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US Pro Championships: Ride Along with Jeff Louder
 
By Cathy Mehl
Date: 9/2/2006
US Pro Championships: Ride Along with Jeff Louder
 

I’ve covered Health Net riders a lot in the past two years, but Jeff Louder is not a rider I was familiar with. He was the second place finisher in the 2005 Time Trial championships, and has had a great season this year. At this year’s 2006 US Pro TT Championships I decided to watch him work, so I tagged along in the car with Team Director Jeff Corbett. Prior to the start, I watched him do a tough warm up and set his focus as he attempted to better last year’s result against a competitive field.

DS Jeff Corbett hooked up the radio, soigneur Kim made sure he had the drink he wanted plus a gel, Eric the mechanic secured the spare bike on the top and threw two extra wheels in the back seat as I settled into the front passenger seat. We took off on the course behind Louder.

Pedaling through a farming area with large sections of woods, deep shadows were cast over the road from the canopy of trees. Patches of sunflowers were blooming on the roadsides; it was pastoral and quiet in the early kilometers.

“Nice, smoothe” Corbett says into the radio. Louder doesn’t speak back; he just goes about his job. Corbett explained that Louder wouldn't waste the energy lifting his head to speak into the radio.

A hand painted sign pops up on the left. I laugh as I read it: “No trespassing. Trespassers will be shot. Survivors will be shot again.” Strains of “Dueling Banjos” echo in my head. We’re in the South and we’re a little isolated from civilization. I see confederate flags flying proudly from more than one farmhouse.

Decent-sized crowds gather on the part of the course with curves and Jeff rides by to big cheers and the ringing of cowbells. Over the race radio we hear the announcement that best time at the turn-around intermediate check point belongs to Jason McCartney (Discovery Channel Pro Cycling) with 21.24. I write it down on my tablet, knowing that will be a top time for Louder to compare to.

“Good rhythm, don’t get bogged down,” Corbett says into the radio. Louder looks good, his pedaling is steady; he isn’t rocking much at all. He doesn’t seem to be flying either, but he’s not even half way at this point. Maybe he's holding something back.

“One more pitch, you’re almost to the top!” Corbett tells him. “There’s the downhill. It’s a nice long one. Let’s go!” Louder gets down in his crouch position as he begins the descent. Along the two-way section he passes his teammate Scott Moninger, who is putting in a decent ride on his way back to the finish. A TV crew follows Jeff for awhile, as a comm car behind observes closely to be sure they keep the proper distance.

The radio announces Dave Zabriskie’s time at the turn-around: 21:12. This is a good comparison to McCartney’s time, so we know what Jeff needs to aim for. We’re coming up to the turn-around—half way through the course.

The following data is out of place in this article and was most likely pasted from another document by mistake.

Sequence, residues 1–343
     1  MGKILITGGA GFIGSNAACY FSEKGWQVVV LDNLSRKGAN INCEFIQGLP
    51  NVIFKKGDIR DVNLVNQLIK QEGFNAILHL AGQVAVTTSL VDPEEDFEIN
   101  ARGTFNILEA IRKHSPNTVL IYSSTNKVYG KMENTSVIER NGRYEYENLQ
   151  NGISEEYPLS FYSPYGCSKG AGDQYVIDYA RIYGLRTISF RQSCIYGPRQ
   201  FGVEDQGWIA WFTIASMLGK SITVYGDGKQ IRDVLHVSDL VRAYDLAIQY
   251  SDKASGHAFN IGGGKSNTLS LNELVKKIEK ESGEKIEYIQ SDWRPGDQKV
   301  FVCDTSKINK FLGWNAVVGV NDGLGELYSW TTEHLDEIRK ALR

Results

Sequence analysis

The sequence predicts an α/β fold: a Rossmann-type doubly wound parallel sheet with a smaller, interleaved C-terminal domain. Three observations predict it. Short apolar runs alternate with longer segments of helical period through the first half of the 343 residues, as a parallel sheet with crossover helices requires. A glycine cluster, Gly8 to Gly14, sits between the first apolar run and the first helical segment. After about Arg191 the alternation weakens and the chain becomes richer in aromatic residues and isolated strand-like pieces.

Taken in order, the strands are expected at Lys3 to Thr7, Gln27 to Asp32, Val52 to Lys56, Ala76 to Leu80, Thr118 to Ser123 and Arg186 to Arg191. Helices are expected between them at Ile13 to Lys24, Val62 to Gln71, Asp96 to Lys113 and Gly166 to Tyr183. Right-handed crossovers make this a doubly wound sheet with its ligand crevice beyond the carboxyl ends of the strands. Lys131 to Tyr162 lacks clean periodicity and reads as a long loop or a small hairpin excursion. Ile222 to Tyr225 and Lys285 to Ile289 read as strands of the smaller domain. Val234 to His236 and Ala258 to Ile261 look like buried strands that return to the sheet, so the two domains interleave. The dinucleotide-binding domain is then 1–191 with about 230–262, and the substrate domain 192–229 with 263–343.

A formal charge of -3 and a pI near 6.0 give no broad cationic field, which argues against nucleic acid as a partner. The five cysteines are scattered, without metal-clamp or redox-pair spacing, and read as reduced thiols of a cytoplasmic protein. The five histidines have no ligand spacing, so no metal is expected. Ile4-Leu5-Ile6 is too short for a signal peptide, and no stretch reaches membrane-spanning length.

“Dig it out. Almost at the turn around, “ Corbett tells him. Jeff makes the turn and we follow behind him. I see the clock: 21:57. Louder needs to step it up if he’s going to be in top contention. Over the radio we hear McCartney is finished with a new best time of 42:41:99. Behind us Chris Baldwin is moving closer and we can see the lights of the cars with him. He started a minute behind, but he’s not a minute behind anymore. It’s more like 30 seconds now. He comes through the check point right behind us at 21:04. A new best time.

“Get some speed for the next roller, Jeff,” Corbett tells him. Louder gets up out of the saddle. He sees the 10k to go sign. He down shifts as he stands up on the pedals.

Over race radio we hear the numbers announced for today’s medical control: 26, 43, 131 plus the stage winner. Health Net rider Doug Ollerenshaw is #43; he will be tested at the end of the stage. Eric tries to call soigneur Debbie to be sure she knows. There’s no cell service in the woods; hopefully she already heard it on the radio too.

Teammate Scott Moninger finishes in 8th place at 44:14. Not a bad time for Scott. Everyone expects him to be saving it for the road race on Sunday.

We still see the lights behind for Baldwin. The comm car pulls along side and yells through our window that we might have to move out of the way for Baldwin’s group to pass. Corbett tells them to just tell him when. But Louder is in the last few kilometers now as we enter the gated community of The Cliffs. There are a lot of fans in this area, and the road has many ups and downs, so his own speed keeps him out in front of Baldwin at an acceptable distance. Jeff is almost finished. He looks a little tired, but his body position is still good, as he keeps his head down and the aero helmet remains flat on his back.

New best time comes over the radio: Zabriskie at 41:49:69.

“Dig it, dig it. Watch the corners. Get back on speed!” Corbett gives Louder some final words of encouragement. “You’re almost there, let’s go.” Baldwin doesn’t gain more time so we’re able to stay behind Louder as he enters the barriers of his last 300 meters. He crosses the line at 43:27, good enough for 7th place. On the race radio we hear Baldwin has crashed just behind us in the final turn. Everyone in the car feels bad for him as he was seemingly on track to win, but now has to settle for second at 42:21.

Louder doesn't get quite the results he hoped for, but put in a decent ride nonetheless, and will fight on in Sunday's road race as Health Net battles to win the Stars and Stripes for the second year in a row. Work is over for the day.


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